The creeks of the Jemez Mountains are some of the most important and sought-after waters in northern New Mexico. The Jemez River flows from the Valles Caldera to the lowlands where both Jemez and Zia Pueblos draw from the waters before they flow toward the Rio Grande. The clear waters of the Valles Caldera support fish and numerous invertebrate and algae species, which in turn support a variety of non-game fish. Fishing is an important activity for many Caldera visitors who value the narrow creeks for their challenge and their exceptional setting.
We are happy to know that our partners at the Western Environmental Law Center succeeded in having the East Fork of the Jemez River, San Antonio Creek, and Redondo Creek within the Valles Caldera National Preserve designated Outstanding National Resource Waters under New Mexico law.
Sixty percent of San Antonio Creek flows in the Valles Caldera while over forty percent of the Jemez River lies within the Preserve. These creeks support native Rio Grande chub, Rio Grande sucker, and longnose dace. The chub and the sucker are “at risk” populations and native cutthroat trout are consider extirpated within the Preserve though they could be reintroduced. Scientists have not found fathead minnows in the Preserve though this is possible habitat.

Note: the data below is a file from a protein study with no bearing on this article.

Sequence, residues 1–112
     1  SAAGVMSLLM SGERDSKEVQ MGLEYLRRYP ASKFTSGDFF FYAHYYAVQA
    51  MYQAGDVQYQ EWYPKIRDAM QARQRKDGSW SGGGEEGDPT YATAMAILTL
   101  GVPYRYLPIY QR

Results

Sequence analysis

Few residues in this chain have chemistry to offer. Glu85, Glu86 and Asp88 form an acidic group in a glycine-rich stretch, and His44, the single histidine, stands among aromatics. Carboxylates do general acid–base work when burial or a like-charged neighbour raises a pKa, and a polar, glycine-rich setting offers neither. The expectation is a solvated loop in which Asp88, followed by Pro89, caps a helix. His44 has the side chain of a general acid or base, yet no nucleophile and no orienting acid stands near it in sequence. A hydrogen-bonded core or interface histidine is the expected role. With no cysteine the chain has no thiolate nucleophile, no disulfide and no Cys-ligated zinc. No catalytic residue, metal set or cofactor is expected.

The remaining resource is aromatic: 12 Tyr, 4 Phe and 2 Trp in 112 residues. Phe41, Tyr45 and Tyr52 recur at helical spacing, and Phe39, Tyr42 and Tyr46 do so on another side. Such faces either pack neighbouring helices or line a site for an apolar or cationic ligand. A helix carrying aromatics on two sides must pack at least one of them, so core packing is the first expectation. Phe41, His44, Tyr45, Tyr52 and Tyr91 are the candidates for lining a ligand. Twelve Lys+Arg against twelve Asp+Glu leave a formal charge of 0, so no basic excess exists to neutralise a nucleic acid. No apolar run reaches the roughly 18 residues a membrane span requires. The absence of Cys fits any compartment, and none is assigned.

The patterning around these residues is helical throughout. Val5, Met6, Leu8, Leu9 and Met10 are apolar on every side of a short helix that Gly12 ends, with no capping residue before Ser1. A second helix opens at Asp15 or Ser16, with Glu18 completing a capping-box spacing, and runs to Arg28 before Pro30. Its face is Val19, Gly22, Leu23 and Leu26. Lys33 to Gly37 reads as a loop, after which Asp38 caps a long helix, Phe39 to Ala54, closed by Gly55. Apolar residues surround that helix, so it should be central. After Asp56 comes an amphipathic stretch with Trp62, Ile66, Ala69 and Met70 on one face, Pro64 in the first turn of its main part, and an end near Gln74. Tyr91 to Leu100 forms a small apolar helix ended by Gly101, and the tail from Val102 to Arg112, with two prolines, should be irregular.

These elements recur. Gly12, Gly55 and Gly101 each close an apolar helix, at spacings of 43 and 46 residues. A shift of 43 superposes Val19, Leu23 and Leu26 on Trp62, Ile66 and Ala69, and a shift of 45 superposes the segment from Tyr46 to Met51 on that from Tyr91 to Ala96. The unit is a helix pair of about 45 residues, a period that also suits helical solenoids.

The Outstanding National Resource Waters designation is meant to protect water quality in designated rivers from new pollution sources. That means than any road building or cattle grazing that introduces pollution into the creeks will face state review and restriction. Water quality in the Valles Caldera is already failing state standards because of trespass cattle grazing and watershed damage caused by decades of overgrazing before the federal government obtained the land.
Caldera Action is working to rid the Preserve of illegal trespass cattle grazing to help the National Park Service achieve its watershed restoration goals.
In 2024 we plan to make water quality in the VCNP a key focus of our work.
The Valles Caldera Loses Devout Friend in Diane Albert
Diane Albert, longtime Caldera Action supporter and advocate for the Valles Caldera passed away in Ranchos de Albuquerque recently. She had been a Los Alamos County Counselor in the 1990s and an advocate for federal management of the Valles Caldera. She was a former member of the Board of Trustees with the National Parks Conservation Association. We will miss her.